Times 28915 – What’s in a name?

Time: 23 minutes

Music: Delius, North Country Sketches, Groves, Bournemouth SO

I did not find this particularly difficult, although there were a few tricky bits and never-heard-of answers.   I got enough of the across clues to get started, although the downs did not prove as helpful as they usually do.    Some solvers will not be happy about the particular technique that appears in quite a few clues, but here at TftT we take on all puzzles.

The SNITCH is very low, but I think a few part-time neutrinos have gotten themselves into the mix.   It will probably go a bit higher as more solving times come in.


1 Proposal held back by aristocratic medical specialist (13)
9 Sword belonging to Ernest O’Casey (5)
ESTOC – Hidden in [Ern]EST O’C[asey]  A word I should know as a Mephisto blogger, but don’t.
10 Extrovert Swede’s capital expenditure (9)
OUTGOINGS – OUTGOING +S, with a rather loose literal.
11 All-knowing scion met in travels (10)
12 Stainer’s daughter, the old composer’s last (4)
DYER – D + YE + [compose]R.
14 Young Girl Guide initially welcomed by supporter on course (7)
TEENAGE – TE(ENA, G[uide])E.    Girl number one.
16 Record what a tennis player hopes not to be (3,4)
SET DOWN –  A jocular cryptic hint.
17 Virtuous as the laic may become (7)
ETHICAL – Anagram of THE LAIC.
19 Ghost of dog enthralling most of southern county (7)
PHANTOM – P(HANT[s])OM, a Pomeranian dog.
20 Female English graduate embracing head of maths (4)
EMMA – E(M[aths]]M.A.   A book we read in the Austen/Dickens seminar in grad school
21 Stoical heavyweight boxer attracting a lot of flak (10)
FATALISTIC –  FAT + ALI +STIC[k].   The Greatest is not really fat – you have to lift and separate.
24 Rich confection set beside woman crossing river (5,4)
LARDY CAKE – LA(R)DY + CAKE, another NHO for me, but the cryptic is simple enough.
25 See about trainer regularly entering college (5)
ORIEL – O([t]R[a]I[n]E[r])L, where the enclosing letters are LO backwards.
26 Member of educational order — Charity Pecksniff perhaps? (6,2,5)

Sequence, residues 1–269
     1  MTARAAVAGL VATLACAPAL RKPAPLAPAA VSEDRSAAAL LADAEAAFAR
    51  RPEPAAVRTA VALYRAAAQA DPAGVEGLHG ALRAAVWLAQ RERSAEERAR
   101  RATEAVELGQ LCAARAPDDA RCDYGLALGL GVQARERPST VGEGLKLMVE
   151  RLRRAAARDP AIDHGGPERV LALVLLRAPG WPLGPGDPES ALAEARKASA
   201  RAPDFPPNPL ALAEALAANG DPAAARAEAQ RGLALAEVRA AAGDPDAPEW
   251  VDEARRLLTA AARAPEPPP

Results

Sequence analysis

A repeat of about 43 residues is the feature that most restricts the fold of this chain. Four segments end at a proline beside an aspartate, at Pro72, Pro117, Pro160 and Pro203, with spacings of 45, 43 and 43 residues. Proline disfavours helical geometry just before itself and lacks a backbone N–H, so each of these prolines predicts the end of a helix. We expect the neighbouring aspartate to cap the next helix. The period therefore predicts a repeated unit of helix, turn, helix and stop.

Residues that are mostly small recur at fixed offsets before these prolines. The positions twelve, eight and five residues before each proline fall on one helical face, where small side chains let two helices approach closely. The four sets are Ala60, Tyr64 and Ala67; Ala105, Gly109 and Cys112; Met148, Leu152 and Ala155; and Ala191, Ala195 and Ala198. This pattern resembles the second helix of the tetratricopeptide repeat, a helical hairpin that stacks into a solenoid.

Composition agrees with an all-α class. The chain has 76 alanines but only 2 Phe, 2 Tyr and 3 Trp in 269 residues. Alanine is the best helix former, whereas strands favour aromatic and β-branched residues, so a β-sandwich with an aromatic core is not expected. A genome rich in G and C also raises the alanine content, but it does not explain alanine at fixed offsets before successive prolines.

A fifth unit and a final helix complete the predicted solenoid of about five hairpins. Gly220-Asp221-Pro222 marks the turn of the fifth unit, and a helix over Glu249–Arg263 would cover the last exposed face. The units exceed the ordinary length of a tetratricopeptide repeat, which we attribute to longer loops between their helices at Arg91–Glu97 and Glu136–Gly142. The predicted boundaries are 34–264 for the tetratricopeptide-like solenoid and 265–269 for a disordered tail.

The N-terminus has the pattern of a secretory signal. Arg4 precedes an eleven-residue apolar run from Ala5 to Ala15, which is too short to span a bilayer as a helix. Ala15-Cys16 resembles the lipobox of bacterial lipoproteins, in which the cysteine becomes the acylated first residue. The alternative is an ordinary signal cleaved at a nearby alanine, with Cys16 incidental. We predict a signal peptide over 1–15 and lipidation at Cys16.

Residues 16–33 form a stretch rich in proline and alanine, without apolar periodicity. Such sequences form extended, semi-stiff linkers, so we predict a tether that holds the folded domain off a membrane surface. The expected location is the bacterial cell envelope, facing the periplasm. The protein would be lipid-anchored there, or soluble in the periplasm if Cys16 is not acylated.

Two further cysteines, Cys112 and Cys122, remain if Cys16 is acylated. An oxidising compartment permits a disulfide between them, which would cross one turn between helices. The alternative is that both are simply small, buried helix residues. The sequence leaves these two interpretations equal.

SISTER OF MERCY – A cryptic hint – I knew that Pecksniff gave his daughters these unctuous names.   Another novel we read in the Austen/Dickens seminar, along with about twenty other Dickens novels.
1 Old Spanish coin’s equal — mark, or noble? (4,2,3,5)
2 Like courses taken in college for speakers? (5)
EATEN – Sounds like ETON.
3 Single girl torn apart by old tax: it’s never-ending! (10)
INCESSANCY – I N(CESS)ANCY, girl number two.
4 Cheat excessively when talking over date (3-4)
TWO-TIME – Sounds like TOO + DATE.
5 Popular fellow succeeded, possessing new means (7)
INTENDS – IN + TE(N)D + S, boy number one.
6 Sacred representation your present compiler studies (4)
ICON – I + CON.   At least he doesn’t cheat!
7 Girl in US city understood to keep a domesticated animal (5,4)
NANNY GOAT – N(ANN)Y GO(A)T.   Girl number three.
8 Hugely how one enjoys one’s food? Not at first (14)
13 Like some rock artist cavorting before class? (10)
15 Celestial model peer is reassembling across border (9)
EPHEMERIS – Anagram of PEER IS around HEM.   If you know the word, you will have a much easier time.
18 Greenery a bind when invading shelter (7)
LEAFAGE – LE(A + FAG)E, where bind and fag are verbs.
19 Site old boy set up, producing psychological medicine (7)
PLACEBO –  PLACE + O.B. upside-down.
22 German city judge (5)
TRIER – Double definition, a bit of a chestnut.
23 Reportedly splashes out for extras (4)
BYES – Sounds like BUYS – extras in cricket, that is.

92 comments on “Times 28915 – What’s in a name?”

  1. 13:24
    I couldn’t have told you the names of Pecksniff’s daughters, but being given ‘Charity’, ‘Mercy’ was easy to come up with. (I know a woman, the daughter of a Lutheran minister, who was one of 6 siblings: Faith, Hope, Charity, Joy, Felicity, and Fred. But I digress.) I was puzzled by LEAFAGE: what is the ‘bind’ meaning of ‘fag’, or the ‘fag’ meaning of ‘bind’. (V, it’s Austen, unless your seminar read J.L.) DNK ESTOC. We had LARDY CAKE once (in a Jumbo?), which is how I know it; it took me a while to see how CAKE worked.

    1. FAG for ‘bind’ as a noun as in a nuisance, drag, bore, bother, hassle (Synonyms R Us):